BUFFALO, N.Y. (WIVB) — Family and friends of a man shot by a Buffalo police officer rallied in Niagara Square Saturday afternoon, calling for change when it comes to handling mental health crisis calls.

The protest comes a week after body camera video showed the officer firing multiple shots while the man held a pellet gun to his own head.

Joy Battison described her brother as a kind man with a sarcastic sense of humor and a person who helps others. But she says that shouldn’t matter.

“He doesn’t have to be a person you like, respect, relate to, admire or care about to deserve a chance to be helped in a life saved,” Battison said.

On Sept. 23, Buffalo police responded to a call for a suicidal man who reportedly ingested pills at a home on Tonawanda Street. In the attic, they found the man standing with a gun held under his chin.

After repeatedly ordering the man to drop his weapon, an officer fired eight shots, hitting the man once in the neck area. He was taken to ECMC where he was listed in critical condition but was considered stable.

Buffalo Police Commissioner Joseph Gramaglia said it wasn’t until the man was shot that officers realized the object he was holding was a pellet gun.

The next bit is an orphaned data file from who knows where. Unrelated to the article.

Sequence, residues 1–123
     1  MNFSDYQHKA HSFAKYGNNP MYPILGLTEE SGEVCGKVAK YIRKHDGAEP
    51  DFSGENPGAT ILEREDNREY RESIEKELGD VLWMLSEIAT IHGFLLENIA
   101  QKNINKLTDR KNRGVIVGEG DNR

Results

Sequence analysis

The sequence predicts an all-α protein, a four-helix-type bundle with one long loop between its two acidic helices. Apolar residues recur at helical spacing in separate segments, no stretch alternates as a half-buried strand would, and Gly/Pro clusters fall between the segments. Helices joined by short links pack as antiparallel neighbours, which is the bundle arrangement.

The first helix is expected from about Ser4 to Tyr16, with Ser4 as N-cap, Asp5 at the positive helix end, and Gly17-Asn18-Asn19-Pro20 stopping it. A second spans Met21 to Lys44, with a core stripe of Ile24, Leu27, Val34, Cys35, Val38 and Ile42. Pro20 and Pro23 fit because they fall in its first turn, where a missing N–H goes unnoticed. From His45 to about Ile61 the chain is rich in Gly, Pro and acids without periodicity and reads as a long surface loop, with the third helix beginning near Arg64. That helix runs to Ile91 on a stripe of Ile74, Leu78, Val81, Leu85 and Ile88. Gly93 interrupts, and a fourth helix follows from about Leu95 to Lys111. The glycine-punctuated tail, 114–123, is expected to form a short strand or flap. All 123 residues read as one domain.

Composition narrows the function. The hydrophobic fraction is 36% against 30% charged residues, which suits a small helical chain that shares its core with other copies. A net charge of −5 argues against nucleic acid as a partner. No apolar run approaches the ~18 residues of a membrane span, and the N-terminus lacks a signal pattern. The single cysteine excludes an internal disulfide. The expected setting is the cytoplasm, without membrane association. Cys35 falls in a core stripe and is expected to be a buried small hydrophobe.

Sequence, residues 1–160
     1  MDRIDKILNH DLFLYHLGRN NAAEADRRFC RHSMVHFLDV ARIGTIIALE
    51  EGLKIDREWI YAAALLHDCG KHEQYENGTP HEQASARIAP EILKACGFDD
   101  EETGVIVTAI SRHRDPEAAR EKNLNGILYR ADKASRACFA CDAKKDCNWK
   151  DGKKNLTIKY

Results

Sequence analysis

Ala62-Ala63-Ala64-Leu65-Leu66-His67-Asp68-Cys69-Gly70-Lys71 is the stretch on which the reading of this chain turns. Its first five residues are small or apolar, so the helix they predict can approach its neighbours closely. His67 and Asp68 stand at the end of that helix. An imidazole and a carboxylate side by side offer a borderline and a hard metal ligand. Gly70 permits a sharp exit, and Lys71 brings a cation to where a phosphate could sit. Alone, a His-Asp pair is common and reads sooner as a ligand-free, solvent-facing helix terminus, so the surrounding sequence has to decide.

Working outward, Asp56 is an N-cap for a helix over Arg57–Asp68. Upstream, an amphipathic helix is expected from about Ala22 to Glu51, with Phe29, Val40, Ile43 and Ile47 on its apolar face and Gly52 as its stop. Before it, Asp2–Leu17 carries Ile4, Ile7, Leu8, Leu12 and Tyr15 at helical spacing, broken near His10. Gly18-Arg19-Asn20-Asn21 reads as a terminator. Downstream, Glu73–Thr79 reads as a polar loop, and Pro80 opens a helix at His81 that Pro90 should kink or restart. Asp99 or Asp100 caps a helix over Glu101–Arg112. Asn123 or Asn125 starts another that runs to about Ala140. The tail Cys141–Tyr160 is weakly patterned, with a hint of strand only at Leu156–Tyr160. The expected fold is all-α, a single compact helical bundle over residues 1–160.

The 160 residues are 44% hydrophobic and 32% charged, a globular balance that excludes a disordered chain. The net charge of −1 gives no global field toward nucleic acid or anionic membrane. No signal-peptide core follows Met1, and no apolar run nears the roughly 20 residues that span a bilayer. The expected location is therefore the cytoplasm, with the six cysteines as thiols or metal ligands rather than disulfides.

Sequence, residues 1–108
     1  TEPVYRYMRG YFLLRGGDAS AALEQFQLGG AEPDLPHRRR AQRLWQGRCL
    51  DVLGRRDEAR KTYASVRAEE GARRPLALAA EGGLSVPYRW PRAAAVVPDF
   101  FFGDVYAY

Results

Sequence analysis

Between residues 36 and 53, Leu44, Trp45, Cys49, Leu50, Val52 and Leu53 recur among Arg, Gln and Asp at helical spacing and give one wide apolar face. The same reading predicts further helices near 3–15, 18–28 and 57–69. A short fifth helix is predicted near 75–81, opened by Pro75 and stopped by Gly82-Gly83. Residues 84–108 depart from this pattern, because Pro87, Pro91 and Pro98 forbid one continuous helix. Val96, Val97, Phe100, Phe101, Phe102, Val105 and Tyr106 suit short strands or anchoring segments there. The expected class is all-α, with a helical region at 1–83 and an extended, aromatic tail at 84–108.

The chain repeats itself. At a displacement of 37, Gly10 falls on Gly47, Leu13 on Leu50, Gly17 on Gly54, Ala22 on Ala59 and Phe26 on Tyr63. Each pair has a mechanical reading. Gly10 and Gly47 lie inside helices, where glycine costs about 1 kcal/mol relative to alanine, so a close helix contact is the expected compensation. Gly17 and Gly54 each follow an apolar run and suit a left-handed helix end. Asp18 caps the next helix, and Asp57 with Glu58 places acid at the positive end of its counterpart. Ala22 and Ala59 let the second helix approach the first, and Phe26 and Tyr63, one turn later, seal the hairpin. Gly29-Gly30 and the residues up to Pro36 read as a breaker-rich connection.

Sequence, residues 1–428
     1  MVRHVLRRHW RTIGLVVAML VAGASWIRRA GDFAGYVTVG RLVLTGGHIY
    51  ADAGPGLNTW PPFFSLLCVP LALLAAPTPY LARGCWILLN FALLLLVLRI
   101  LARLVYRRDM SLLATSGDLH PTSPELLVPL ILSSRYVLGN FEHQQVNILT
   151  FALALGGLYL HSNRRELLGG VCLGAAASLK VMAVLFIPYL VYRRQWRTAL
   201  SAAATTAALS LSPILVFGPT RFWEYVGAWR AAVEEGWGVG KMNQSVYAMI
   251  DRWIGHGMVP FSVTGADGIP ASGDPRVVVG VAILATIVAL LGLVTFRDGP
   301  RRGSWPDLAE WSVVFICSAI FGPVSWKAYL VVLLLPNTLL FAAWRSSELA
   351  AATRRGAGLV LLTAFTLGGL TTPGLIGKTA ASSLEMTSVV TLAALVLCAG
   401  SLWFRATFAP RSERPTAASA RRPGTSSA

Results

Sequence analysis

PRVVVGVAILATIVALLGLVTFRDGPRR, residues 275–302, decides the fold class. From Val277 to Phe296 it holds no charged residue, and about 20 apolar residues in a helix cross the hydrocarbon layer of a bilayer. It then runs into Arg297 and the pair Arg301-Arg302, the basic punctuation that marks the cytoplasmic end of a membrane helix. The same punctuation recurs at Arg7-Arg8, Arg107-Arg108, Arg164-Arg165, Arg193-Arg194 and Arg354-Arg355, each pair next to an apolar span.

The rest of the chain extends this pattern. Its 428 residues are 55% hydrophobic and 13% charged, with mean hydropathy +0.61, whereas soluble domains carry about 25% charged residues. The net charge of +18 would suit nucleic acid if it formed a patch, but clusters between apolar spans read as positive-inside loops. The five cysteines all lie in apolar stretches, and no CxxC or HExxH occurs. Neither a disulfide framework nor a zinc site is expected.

The department’s behavioral health team — which staffs mental health clinicians — was not working at the time of this call, which was about 4:20 a.m. According to BPD’s website, that team is only staffed Monday through Friday between 8 a.m. and 6 p.m.

“This obviously took a turn as officers arrived and that happens, not just in mental health calls. Officers will respond to calls and they take a sudden twist, a sudden turn. Facts that were not conveyed in the 911 call reveal themselves when officers arrive on scene,” Gramaglia said in a press conference after the body cam footage was released.

But those at today’s rally say that’s something that needs to be changed.

“Each individual facing crisis, especially one as severe as suicidal thoughts, deserves our utmost compassion, support and assistance. Mental health challenges affect millions of people worldwide, and it is our collective responsibility to create an environment where those who are suffering are safe seeking help.”

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Marlee Tuskes is an anchor and reporter who has been part of the News 4 team since 2019. See more of her work here and follow her on Twitter.